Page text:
The atomic bombing of Hiroshima and Nagasaki killed millions of people, left families with nothing, and leveled cities. The war would have gone on for a couple more years if we had not dropped the bombs and sent troops to Japan instead. The atomic bombing of Hiroshima and Nagasaki was justified. This is one of the pros for the atomic bombing on Hiroshima and Nagasaki. One of the pros for dropping the atom bombs is that the Japanese would have not surrendered.
And was the reason behind the decision to drop the two atomic bombs on Hiroshima and Nagasaki purely to ‘save the lives of thousands and thousands of young Americans’? “We have used it in order to shorten the agony of war, in order to save the lives of thousands and thousands of young Americans.” One of the biggest arguments in the debate on the necessity of dropping the atomic bombs is the argument that it saved American lives, which would have otherwise been lost in the proposed alternative: a land invasion of Japan. It was necessary to ‘completely destroy Japan’s power to make war’, and the best way to do this, to save American lives, was to drop the bombs. “Operation
The historians who support Truman, sometimes called the traditionalists, agree that Japan had been defeated but argue that Japan was not ready to surrender and was, in fact, preparing for one last great battle that would have cost millions of lives. Popular opinion tends to side with the revisionists, but I will argue that Truman made the right decision, not only for the United States but also for Japan; in fact, the bombing of Hiroshima and Nagasaki saved Japan. Revisionists argue that the atomic bomb was dropped on Hiroshima after Japan’s armed forces and over sixty of its major cities had been already been destroyed. Moreover, historians such as Howard Zinn argue that Truman knew that the Japanese were trying to surrender but that he ignored them because he wanted to use the Bomb (23). Gar Alperovitz, another revisionist, says that Truman’s main purpose in dropping the bombs was to demonstrate its power in order to intimidate the Russians (127).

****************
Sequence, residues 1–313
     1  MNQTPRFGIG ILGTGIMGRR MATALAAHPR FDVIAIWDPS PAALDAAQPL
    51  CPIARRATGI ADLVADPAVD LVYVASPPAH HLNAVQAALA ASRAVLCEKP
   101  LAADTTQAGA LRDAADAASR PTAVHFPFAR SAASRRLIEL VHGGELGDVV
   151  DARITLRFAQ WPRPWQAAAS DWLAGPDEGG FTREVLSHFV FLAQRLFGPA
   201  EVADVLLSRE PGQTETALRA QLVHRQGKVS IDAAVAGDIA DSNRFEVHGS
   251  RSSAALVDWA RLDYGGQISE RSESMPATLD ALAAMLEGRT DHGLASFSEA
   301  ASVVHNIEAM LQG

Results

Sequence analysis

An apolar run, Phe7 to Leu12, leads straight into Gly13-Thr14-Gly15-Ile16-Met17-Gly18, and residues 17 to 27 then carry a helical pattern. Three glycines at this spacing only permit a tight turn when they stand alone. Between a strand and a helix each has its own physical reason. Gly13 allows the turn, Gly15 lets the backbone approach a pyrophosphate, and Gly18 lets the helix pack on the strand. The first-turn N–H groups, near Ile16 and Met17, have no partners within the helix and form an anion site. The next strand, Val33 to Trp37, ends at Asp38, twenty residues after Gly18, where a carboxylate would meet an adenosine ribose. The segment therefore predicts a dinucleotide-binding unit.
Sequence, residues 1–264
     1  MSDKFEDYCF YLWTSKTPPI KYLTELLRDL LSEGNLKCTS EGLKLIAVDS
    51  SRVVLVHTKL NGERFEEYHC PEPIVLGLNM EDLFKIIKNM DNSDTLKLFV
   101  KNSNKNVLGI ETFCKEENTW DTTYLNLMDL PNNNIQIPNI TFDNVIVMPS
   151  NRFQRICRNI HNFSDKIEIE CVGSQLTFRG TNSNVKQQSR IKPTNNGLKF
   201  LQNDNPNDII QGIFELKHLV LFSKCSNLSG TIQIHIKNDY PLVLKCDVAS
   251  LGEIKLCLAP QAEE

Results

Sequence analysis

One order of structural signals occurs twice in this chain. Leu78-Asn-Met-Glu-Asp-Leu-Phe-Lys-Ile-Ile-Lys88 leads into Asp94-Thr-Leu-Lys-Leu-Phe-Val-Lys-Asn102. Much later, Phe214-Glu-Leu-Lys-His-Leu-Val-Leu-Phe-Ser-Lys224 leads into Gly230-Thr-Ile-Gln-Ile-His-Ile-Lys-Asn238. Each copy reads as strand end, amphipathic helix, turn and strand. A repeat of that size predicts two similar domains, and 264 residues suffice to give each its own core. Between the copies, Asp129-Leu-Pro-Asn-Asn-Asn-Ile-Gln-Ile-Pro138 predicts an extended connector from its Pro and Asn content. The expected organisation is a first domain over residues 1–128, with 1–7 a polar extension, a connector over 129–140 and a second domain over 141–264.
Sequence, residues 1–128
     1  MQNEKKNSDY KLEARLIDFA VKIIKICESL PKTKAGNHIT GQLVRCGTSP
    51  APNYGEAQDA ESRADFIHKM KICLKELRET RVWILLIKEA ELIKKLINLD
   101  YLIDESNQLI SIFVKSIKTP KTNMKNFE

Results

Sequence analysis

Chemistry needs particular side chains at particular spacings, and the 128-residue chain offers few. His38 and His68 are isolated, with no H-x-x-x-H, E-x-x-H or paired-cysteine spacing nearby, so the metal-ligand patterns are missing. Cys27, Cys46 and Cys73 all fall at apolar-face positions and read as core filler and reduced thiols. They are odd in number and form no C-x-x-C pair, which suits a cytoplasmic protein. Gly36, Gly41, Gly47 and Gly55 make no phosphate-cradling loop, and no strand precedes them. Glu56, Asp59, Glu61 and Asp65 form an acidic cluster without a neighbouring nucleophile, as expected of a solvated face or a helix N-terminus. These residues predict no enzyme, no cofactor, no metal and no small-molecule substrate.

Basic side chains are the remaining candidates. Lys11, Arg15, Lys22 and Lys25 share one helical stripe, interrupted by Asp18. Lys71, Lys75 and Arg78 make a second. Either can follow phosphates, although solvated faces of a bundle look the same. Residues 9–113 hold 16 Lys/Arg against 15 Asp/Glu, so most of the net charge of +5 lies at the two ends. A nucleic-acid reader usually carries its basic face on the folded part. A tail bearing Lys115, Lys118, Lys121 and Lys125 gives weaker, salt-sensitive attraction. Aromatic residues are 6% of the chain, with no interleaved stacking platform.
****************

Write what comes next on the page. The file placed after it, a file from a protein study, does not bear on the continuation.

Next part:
Even after the surrender of Nazi Germany on May 8th, the war against Japan continued. The United States threatened to destroy Japan in the Potsdam declaration, but this threat was ignored by the Japanese. This prompted the use of the atom bomb. The first atom bomb was dropped on Heroshima on August 6. Three days later, another atom bomb was dropped on Nagasaki.
Global Essay The main focus of the United States when it dropped the atomic bombs on Japan was to force Japans unconditional surrender in order to save American lives. Many documents in government history support that this was the main focus. In 1947 Secretary of War Henry L. Stimson had in his memoirs that he believed that the Japanese would fight to the death and very end. This meant putting more American lives at risk in the war. Although the U.S. would’ve defeated Japan in the war eventually, the bombs made it so that they would surrender quicker so lives would be saved.